Getting paid to explore new countries might seem like a dream — but for Kelly Camps, it’s a total reality. Camps is Contiki's Head of Operations for the Americas, which means she gets to map out travel itineraries for millennials visiting North and South America. She doesn’t always plan those trips from her office, though. Instead, Camps spends a majority of her work life trekking through new cities and putting together excursions that Contiki clients can embark on. In other words, Camps gets paid to plan and test new trips — but Camps’ job entails much more than packing her suitcase and taking a vacay.
When asked what her work life is like, she tells Elite Daily, “Sometimes it’s producing brochures; [sometimes] it’s product development and traveling to see products." She continues, "Sometimes it’s just day-to-day operations. It’s never boring." Contiki is a travel company that curates itineraries for wanderlust-driven millennials from ages 18 to 35, and its main purpose is to “connect young travelers to the time of their lives." Therefore, it's no surprise that her job is compelling. Camps’ role at the company is to explore the Americas so she can create the best Contiki trips possible. You can find the itineraries that Camps has created on Contiki’s website by hitting “Trips” and then “Latin America” or "USA & Canada.”
It’s not work, it’s a passion.
Based off of Camps' experiences so far, her work definitely sounds more like a passion than a job. One specific highlight of her career that stands out to her was having the opportunity to swim with sharks in the Galapagos islands. “It was amazing,” she says. Another exciting moment she experienced was creating Contiki’s one-day Inca Trail Trek to Machu Picchu in Peru. During the trip, travelers get a kickstart on their uphill hike and are able to make sight-seeing pitstops throughout the shortened journey to Machu Picchu.
Camps also made it clear that the greatest thing she’s gotten to do on the job was to launch Contiki’s South America trips. She says that it was exciting to “be able to put together itineraries and see that people actually like them." (If you’re curious about Contiki’s South America itineraries, you can check them out here.) Some of the trips she's spearheaded include the Argentina and Brazil Experience, Peru Uncovered, the Galapagos Island Hopper, and so many more.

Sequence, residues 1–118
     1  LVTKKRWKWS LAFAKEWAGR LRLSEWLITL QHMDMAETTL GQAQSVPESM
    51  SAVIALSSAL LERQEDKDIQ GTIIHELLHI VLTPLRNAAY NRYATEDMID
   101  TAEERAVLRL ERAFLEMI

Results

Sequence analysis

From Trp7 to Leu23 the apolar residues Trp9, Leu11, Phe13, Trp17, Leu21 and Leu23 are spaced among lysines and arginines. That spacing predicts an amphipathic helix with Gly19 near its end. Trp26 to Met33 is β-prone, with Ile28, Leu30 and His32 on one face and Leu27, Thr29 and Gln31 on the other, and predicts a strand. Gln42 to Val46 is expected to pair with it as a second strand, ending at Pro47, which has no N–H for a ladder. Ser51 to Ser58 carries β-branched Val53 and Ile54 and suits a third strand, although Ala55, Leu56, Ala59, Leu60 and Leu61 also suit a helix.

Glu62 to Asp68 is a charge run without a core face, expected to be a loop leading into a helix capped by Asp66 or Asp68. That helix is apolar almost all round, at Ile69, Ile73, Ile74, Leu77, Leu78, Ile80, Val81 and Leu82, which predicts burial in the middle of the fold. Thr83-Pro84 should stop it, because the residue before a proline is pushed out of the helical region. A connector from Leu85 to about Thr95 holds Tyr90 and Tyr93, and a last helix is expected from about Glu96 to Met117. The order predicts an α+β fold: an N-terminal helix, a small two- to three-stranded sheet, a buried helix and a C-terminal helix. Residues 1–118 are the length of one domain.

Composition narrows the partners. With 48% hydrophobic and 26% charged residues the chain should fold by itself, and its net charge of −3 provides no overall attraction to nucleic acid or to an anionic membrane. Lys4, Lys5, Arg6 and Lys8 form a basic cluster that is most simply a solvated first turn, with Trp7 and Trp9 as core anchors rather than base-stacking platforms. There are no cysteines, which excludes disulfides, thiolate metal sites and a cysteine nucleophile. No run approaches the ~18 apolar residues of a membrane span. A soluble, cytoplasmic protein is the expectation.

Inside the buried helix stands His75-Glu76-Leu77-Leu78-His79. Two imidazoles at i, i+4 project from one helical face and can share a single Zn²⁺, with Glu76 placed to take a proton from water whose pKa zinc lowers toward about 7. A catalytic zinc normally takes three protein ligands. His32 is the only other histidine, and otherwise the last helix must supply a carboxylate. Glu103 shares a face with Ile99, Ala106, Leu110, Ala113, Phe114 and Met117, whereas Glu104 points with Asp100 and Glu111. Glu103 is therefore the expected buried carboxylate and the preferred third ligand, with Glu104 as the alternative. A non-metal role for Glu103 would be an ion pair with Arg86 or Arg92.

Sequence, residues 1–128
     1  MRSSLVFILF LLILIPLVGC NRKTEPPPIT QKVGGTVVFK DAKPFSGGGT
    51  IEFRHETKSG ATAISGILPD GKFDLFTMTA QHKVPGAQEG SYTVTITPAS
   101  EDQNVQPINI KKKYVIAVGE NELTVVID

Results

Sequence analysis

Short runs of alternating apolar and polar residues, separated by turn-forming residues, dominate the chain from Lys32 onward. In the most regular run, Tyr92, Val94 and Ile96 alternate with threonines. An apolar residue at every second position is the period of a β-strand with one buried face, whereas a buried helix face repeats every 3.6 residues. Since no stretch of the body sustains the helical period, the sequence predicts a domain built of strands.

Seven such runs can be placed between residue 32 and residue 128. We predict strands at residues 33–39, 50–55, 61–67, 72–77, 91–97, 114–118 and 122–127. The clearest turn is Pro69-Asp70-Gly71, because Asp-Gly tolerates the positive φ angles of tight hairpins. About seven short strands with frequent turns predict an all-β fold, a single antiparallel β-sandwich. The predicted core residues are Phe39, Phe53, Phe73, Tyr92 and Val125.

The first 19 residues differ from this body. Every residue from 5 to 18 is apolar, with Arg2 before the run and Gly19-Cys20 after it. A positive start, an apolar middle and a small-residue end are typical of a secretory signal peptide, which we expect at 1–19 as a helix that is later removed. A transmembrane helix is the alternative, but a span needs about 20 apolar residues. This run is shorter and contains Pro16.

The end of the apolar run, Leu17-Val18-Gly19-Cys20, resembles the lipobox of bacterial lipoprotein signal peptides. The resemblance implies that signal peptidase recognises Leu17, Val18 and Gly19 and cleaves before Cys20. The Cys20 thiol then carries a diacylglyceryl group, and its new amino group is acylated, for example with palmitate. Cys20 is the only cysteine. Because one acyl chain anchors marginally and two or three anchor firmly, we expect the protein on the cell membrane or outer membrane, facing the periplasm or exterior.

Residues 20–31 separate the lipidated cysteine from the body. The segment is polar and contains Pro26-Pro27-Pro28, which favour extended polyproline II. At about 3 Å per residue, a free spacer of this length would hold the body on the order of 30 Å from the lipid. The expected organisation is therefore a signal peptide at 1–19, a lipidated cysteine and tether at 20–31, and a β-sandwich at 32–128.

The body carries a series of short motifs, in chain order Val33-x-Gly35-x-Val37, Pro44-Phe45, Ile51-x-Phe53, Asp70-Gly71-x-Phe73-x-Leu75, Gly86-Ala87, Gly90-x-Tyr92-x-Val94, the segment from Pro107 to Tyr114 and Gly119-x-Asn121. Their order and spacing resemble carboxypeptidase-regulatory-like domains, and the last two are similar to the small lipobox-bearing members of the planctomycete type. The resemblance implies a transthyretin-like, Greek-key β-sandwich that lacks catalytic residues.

I always remember to remind myself that not everybody gets to do this.
Based off those career highlights, it's easy to assume that Camps' job is a walk in the park. By the sounds of it, lots of people don't realize the amount of labor that Camps goes through in order to create such admirable adventures. She tells me, “[People] don’t always view it as work — and it’s not work, it’s a passion. There are a lot of things that happen in the background so we can deliver amazing product.” Some folks are under the assumption that Camps is a travel agent, which she certainly is not. Instead, she finds trips for Contiki and tests them before they hit the market. Camps makes it clear that there’s an “entire industry that revolves around creating travel for people,” and that she plays a significant role in the process.
Camps' time traveling usually entails finding “new opportunities” and “new products” before the company launches a new trip. In other words, most of her time abroad takes place before Contiki solidifies each trip. She says, “So, there’s a lot of riding along, a lot of what we call ‘sight inspections' — seeing hotels, just making sure that what we’re marketing is what we’re delivering.”